“By letting the newspaper print my works, I’ve probably undervalued my works.”
Dr Govinda KC during one of his self-financed free camps. Photo: Republica
Dr Govinda KC spoke those words in a packed hall of Hotel Annapurna on April 24, 2010 in an event that was organized by Nagarik & Republica daily to let 15 social heroes doing selfless service to the societies tell their stories. Dr KC was one of 15 and was most reluctant to appear on newspaper or speak in the event.
I was told it needed a lot of persuasion to ensure he is available for the event – and I clearly told the hall why he was reluctant.
A story that appeared on the same day in the newspapers’ supplements began with: “The surest way to locate Dr Govinda KC is to go looking for him in that part of the globe where a major natural disaster has just struck.” Read More →
Last year, I attended Kiplinger Program in Public Affairs Journalism at the Ohio State University learning and honing my digital journalism skills. Not only the course, the program was fantastic as I got to know a few brilliant people there. One of them is Manuel Moreno, from Spain. We became more brothers than friends and spend a brilliant week together. I feel privileged to know him as he has a devoted himself in technology and runs Trecebits – a popular portal and is expecting publication of his first book in 2014.
After we both returned to our homes, he wanted to publish an interview at Trecebits. I couldn’t speak Spanish so he took all the pain to send me English questions, translate my answers and publish it in the popular website. Since it’s in Spanish, I thought I would keep the English version in my blog. Here it is:
How do you think journalism has changed since Internet and social networks became popular on the newsrooms?
When I first joined in as an intern reporter in one of the daily newspapers in Nepal some 14 years ago, there were no computers at newsroom. There were Macintosh computers to design pages in designing section. Since then a lot have been changed. Now newsroom in Nepal can not be imagined without computers and media are slowly getting hooked with social networks.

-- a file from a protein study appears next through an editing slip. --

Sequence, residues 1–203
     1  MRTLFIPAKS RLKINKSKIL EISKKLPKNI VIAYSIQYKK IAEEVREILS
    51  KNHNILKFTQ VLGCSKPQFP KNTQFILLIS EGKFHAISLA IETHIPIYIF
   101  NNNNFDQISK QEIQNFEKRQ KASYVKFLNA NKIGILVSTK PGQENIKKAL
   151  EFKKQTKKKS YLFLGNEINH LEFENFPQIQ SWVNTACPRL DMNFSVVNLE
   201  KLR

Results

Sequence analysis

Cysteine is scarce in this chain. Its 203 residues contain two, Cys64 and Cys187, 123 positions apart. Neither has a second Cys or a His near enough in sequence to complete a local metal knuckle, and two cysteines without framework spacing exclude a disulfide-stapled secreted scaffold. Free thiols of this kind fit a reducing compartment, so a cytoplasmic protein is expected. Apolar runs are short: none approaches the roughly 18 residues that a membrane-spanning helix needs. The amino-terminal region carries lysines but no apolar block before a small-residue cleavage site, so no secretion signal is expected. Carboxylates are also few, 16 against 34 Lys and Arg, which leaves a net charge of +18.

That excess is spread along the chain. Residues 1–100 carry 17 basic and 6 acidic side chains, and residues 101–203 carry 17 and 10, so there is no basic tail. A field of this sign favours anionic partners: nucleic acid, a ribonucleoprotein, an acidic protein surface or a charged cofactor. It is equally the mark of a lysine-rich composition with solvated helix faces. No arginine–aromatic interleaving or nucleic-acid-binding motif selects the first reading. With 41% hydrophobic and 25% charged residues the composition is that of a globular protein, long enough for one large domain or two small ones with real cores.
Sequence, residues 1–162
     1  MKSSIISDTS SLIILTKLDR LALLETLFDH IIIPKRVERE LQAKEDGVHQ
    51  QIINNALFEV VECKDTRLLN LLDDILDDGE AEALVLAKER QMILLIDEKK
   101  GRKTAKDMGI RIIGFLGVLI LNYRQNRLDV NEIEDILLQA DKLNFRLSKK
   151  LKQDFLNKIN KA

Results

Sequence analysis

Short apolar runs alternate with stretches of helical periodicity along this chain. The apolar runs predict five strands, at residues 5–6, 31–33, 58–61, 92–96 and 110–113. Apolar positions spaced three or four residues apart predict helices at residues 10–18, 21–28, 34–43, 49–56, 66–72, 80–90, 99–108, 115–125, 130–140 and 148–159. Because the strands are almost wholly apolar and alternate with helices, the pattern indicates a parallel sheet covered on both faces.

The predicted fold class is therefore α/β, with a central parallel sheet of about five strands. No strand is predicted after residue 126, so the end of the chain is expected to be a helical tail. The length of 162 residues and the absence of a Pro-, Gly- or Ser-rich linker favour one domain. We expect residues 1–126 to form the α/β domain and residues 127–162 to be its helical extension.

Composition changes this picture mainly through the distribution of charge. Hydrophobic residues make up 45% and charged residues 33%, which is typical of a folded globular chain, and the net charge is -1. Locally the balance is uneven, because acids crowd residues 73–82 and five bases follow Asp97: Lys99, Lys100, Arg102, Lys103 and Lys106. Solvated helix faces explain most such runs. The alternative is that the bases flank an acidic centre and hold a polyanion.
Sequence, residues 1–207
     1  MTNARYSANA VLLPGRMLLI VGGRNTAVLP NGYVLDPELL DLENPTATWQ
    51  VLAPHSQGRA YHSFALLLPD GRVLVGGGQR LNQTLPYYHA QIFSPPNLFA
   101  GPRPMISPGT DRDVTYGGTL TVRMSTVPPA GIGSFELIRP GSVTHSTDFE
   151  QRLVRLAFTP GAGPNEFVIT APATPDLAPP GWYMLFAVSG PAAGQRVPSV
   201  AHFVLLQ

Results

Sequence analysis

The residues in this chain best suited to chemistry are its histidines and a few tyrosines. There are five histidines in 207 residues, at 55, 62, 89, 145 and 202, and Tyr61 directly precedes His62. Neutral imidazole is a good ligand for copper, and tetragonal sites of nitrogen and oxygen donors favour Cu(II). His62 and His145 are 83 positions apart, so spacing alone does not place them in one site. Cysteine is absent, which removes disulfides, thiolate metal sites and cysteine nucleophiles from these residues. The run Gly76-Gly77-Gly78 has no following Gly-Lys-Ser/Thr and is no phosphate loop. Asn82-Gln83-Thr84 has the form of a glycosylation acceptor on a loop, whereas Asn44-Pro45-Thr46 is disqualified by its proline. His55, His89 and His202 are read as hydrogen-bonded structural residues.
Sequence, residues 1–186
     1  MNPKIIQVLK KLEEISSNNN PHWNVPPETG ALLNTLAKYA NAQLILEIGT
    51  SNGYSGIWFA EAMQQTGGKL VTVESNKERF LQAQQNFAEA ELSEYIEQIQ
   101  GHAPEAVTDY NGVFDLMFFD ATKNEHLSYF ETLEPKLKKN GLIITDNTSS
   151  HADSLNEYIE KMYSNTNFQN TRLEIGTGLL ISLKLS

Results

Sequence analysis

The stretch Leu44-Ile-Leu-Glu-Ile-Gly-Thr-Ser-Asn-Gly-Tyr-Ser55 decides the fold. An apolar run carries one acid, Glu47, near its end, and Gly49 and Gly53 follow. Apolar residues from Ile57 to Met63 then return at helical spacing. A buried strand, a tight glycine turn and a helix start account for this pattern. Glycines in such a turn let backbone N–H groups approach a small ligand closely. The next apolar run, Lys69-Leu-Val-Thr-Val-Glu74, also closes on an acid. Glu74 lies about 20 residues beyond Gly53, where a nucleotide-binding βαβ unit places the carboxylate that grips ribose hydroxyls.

At a few newsroom, social networks are still blocked at peak work hour but they are slowly getting popular as source of information.
The change that social networks have brought include sourcing information and promotion of the news items. Journalists in Nepal mostly use social network to get tips for news stories and share a lot of things they write. Read More →
On Monday, 30 September, news came through that yet another journalist has been arrested under Clause 47 of Electronic Transaction Act 2008. Dinesh Acharya, editor-in-chief of Share Bazaar Weekly, was arrested as a case against him was filed by Nirvana Chaudhary, a heir of Chaudhary Group of industries and son of Nepal’s only Forbes billionaire.
At the Kathmandu District Court, where he was to be brought that day, I saw police bringing in people handcuffed together. A thought of a journalist being handcuffed alongside those accused on cases of drugs and violence horrified me for a few seconds. But Acharya was not among those dozen who were brought in an open truck. A police van later brought him – handcuffed but alone and in a better way. Read More →
In this another part of the History of Online Media in Nepal Series, I present two old interviews with Rajpal J Singh, who created a history in Nepal’s online media by founding The Nepal Digest.
The Nepal Digest, began in April, 1992, is Nepal’s first e-magazine distributed on email. It was established by Rajpal J Singh, when he was 26 and had finished masters degree at the Northern Illinois University. The Nepal Digest is predecessor of Nepal’s online media and hence historically important to understand history of Nepal’s online media.
Rajpal J. Singh currently lives in New York.
I’m republishing two historical items related to Singh. The first is an interview as published on December 10, 1998 on The Nepal Digest itself; second interview published in The Kathmandu Post in January, 1998. Those interviews gives an idea of his life, beginning of The Nepal Digest, its status then and other related matters. Read More →
In this part of the History of Online Media in Nepal Series, I present the news that was published in the front page of the The Kathmandu Post to announce the newspaper being available online. The Kathmandu Post was put online from September 1, 1995 but the announcement was only made on September 8’s edition of the newspaper through a front page news.
Also, the small notification on The Nepal Digest by Rajendra Shrestha to announce the beta release of the Kathmandu Post on September 4, 1995 and an advertisement published in The Kathmandu Post on September 9 and 11 announcing the feat of being ‘the first Asian daily to be available free of cost on Internet.